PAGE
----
HALIFAX, April 14, 2014 /CNW/ - A new report released by the Greater Halifax Partnership today shows that Head and Regional Offices (HROs) are major contributors to Halifax's and Nova Scotia's economy. HROs create high paying jobs, increase procurement of goods and services, enhance corporate social responsibility, and advance research and development that generate new opportunities.
Nova Scotia is home to 78 head offices, the highest concentration in Atlantic Canada and the highest number per capita in Eastern Canada. The province is also home to a substantial regional office presence including all of Canada's five major banks and several fortune 500 companies, most of which are located in Halifax.
"Head and Regional Offices make a significant impact on Halifax's and the province's economy," says Fred Morley, Executive Vice President and Chief Economist at the Greater Halifax Partnership. "The 53 Halifax-based HROs included in the economic impact analysis contribute more than $1.3 billion annually to the production of goods and services in Nova Scotia and their demand for other local goods and services support spin-off activity of $1.1 billion for local businesses. This represents about 15% of the total Halifax economy. The impact of all head and regional offices in Halifax is likely three to five times larger."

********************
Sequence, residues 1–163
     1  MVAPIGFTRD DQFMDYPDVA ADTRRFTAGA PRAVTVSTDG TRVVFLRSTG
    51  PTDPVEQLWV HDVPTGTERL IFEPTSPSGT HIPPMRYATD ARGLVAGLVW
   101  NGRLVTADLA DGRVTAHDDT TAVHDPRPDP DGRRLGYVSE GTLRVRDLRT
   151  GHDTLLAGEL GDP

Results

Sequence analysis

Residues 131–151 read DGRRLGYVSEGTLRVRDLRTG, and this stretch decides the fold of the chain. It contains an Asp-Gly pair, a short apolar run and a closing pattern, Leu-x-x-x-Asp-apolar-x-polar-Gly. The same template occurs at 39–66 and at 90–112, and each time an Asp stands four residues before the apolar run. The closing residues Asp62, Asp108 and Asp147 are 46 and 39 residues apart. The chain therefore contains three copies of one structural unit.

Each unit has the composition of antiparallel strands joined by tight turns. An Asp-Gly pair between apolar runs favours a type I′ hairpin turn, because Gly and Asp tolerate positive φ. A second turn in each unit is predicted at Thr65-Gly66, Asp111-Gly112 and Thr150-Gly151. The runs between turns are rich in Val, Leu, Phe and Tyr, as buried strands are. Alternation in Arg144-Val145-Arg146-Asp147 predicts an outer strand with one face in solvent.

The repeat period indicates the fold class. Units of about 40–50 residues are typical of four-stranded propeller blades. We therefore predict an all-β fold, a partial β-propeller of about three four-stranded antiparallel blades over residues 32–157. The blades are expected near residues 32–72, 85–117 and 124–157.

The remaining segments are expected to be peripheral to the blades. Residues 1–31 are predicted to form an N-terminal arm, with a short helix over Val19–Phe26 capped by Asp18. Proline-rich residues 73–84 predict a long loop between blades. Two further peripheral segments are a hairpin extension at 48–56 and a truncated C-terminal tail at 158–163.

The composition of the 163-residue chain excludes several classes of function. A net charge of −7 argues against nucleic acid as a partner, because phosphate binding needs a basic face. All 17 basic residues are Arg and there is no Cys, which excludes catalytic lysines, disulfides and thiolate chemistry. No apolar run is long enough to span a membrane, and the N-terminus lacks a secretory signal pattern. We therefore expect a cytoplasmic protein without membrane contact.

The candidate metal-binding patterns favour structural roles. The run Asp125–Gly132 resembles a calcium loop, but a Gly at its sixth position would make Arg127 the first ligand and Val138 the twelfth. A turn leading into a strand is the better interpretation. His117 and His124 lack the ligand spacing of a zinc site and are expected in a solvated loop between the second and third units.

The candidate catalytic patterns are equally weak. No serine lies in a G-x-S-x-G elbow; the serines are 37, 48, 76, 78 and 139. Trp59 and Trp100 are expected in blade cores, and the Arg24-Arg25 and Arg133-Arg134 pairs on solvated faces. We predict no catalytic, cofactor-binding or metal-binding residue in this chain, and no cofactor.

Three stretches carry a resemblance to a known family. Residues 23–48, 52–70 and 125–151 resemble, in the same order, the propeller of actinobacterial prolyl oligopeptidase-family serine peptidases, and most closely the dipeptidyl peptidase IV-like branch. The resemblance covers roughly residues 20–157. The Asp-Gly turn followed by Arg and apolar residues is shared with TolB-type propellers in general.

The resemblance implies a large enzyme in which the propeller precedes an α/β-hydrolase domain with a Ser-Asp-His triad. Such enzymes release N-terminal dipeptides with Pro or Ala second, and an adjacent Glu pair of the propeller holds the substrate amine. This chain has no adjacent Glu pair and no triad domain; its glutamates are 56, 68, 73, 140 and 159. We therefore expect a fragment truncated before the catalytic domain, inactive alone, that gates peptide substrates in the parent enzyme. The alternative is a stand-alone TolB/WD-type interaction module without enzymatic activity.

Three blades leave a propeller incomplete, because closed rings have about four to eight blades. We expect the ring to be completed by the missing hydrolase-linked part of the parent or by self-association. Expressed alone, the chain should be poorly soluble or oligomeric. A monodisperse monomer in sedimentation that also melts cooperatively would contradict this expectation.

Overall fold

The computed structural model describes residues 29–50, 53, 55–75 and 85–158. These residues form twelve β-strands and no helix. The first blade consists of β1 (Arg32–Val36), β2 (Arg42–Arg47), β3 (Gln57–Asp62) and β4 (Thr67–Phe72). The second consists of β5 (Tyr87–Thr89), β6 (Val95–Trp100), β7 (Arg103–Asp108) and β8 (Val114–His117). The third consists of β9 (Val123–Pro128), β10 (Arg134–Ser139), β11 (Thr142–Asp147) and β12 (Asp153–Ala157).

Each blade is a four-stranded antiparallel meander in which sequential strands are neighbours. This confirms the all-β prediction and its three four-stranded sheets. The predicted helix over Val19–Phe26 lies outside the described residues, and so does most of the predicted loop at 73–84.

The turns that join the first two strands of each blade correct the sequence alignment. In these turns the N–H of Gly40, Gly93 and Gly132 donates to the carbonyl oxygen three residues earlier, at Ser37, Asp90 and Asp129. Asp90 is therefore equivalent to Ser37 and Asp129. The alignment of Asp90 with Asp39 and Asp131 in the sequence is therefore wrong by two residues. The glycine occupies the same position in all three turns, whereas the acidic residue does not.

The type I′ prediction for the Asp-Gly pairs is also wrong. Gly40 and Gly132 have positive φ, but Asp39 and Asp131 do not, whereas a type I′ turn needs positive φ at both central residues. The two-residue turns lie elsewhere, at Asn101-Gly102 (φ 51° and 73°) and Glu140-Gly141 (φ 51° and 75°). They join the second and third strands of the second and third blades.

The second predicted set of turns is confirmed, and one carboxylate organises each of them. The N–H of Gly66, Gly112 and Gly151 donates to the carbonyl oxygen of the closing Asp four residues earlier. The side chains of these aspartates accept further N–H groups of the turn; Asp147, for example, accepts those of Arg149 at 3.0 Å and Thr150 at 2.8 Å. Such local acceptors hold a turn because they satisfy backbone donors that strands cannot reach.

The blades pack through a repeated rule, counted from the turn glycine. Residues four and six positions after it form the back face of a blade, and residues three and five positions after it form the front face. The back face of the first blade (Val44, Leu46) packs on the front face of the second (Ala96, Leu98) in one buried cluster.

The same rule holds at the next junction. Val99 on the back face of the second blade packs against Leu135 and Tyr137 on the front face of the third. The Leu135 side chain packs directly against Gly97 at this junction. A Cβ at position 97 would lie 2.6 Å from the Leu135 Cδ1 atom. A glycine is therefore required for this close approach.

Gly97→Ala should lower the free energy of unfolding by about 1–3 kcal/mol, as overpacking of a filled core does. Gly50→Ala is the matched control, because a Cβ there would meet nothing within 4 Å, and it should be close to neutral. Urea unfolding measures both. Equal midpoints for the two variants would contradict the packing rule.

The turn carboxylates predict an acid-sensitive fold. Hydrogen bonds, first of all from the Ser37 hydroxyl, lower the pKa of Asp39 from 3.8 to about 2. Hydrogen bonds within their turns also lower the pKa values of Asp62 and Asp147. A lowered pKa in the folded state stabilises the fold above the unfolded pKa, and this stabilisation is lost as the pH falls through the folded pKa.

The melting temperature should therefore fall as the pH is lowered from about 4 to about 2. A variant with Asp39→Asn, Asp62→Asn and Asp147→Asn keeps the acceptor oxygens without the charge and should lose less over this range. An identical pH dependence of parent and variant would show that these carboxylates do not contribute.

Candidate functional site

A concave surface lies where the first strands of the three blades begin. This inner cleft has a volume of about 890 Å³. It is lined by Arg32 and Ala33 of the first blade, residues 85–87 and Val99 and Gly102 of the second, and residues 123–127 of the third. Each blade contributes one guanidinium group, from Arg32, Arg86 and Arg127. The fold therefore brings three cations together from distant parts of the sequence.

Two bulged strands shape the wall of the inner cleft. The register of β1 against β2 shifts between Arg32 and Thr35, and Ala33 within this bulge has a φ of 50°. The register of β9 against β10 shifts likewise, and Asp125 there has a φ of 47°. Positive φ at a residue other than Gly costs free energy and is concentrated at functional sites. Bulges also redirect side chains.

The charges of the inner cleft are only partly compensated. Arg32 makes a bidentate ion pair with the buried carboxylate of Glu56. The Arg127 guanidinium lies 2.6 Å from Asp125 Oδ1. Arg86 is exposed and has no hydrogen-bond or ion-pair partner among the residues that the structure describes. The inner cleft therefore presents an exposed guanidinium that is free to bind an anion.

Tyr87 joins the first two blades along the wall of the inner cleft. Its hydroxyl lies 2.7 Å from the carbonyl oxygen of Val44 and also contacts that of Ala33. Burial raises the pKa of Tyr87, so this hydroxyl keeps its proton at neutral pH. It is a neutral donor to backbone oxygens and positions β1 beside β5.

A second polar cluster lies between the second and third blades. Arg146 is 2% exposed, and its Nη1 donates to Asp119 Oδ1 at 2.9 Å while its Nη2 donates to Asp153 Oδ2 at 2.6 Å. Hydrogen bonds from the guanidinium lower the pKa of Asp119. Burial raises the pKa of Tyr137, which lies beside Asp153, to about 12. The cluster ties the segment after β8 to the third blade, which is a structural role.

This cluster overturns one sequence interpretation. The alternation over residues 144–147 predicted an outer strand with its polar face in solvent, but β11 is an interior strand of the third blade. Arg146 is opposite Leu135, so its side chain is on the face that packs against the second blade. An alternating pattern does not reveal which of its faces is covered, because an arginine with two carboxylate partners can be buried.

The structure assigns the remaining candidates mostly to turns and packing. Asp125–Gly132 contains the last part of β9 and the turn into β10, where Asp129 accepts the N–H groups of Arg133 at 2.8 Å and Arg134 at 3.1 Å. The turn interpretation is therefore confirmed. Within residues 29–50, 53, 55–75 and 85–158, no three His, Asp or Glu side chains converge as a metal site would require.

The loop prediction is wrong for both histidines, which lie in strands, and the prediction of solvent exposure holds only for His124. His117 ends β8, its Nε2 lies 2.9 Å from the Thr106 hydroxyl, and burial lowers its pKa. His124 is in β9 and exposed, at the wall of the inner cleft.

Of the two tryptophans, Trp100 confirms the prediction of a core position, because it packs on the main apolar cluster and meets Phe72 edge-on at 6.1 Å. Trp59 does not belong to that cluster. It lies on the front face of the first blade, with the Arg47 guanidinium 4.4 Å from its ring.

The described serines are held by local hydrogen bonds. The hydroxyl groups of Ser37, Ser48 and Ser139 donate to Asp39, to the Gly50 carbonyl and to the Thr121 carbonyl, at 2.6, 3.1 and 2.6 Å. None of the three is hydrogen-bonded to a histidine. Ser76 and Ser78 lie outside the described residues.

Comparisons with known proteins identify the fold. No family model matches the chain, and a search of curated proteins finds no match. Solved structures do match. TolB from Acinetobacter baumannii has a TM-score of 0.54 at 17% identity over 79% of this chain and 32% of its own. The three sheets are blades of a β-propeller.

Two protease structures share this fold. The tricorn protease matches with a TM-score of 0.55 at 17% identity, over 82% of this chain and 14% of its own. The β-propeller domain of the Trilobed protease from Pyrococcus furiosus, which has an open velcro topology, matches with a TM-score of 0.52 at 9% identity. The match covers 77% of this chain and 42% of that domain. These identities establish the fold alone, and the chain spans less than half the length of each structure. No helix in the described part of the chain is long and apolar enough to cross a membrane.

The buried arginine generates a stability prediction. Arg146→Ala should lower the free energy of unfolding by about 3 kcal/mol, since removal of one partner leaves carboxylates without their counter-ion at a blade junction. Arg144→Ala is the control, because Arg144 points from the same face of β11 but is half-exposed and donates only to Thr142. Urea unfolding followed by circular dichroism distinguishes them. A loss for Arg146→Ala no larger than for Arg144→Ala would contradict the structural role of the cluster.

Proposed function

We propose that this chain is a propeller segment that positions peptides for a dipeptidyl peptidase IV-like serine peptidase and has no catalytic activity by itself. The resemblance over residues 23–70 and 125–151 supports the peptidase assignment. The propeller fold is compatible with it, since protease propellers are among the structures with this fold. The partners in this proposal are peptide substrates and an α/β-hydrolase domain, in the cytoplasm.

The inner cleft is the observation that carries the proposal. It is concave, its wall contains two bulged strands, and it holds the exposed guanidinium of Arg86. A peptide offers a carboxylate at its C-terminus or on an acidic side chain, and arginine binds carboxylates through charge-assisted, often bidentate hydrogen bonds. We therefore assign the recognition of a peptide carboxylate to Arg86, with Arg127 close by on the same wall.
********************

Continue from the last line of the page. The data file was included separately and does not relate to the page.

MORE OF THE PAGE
This cross-section of HROs support 25,611 direct and spin-off person-years of employment and a total of $1.3 billion in household income including $574.5 million in direct household income and $744.1 million in spin-off household income. This translates into $77.5 million spent on mortgages in Nova Scotia, $83.7 million on vehicles, and $139.6 million spent on groceries and restaurants. In addition, HRO activity and the resulting spin-offs generate $193 million in federal taxes and $194 million in provincial taxes annually. (Please see link to infographic below.)
As corporate citizens of our community, HROs also make notable contributions to community development through direct charitable giving ($11.9 million in 2013), employee giving and time volunteered by employees and management.
"What this study clearly shows is that HROs are good for our economy and our communities," says Morley. "Many communities across Canada and around the world – like Vancouver, Atlanta, Georgia and Dublin, Ireland - are paying close attention to HROs and are launching targeted programs to attract and retain operations. Halifax needs to do the same to enhance its position as a location of choice for HROs."
The HRO report outlines 15 actions to support the attraction, retention and expansion of HROs in Halifax. They include examining regulatory, process and taxation issues; leveraging connections for newcomers and immigrants to establish international investment initiatives; and exploring the potential of creating a Free Trade Zone like those employed in Atlanta, Georgia and Tallinn, Estonia.
About the Greater Halifax Partnership
The Greater Halifax Partnership is the lead economic development organization for Halifax. The Partnership works to keep and grow business, attract new investment, strengthen the community and help people succeed. More than 120 businesses and all three levels of government invest in the Partnership to support economic growth in Halifax. www.greaterhalifax.com
SOURCE: GREATER HALIFAX PARTNERSHIP
For further information: or media inquires please contact: Michelle Forsey, Greater Halifax Partnership, Phone: (902) 490-6335 (o), (902) 456-7535 (c), Email: firstname.lastname@example.org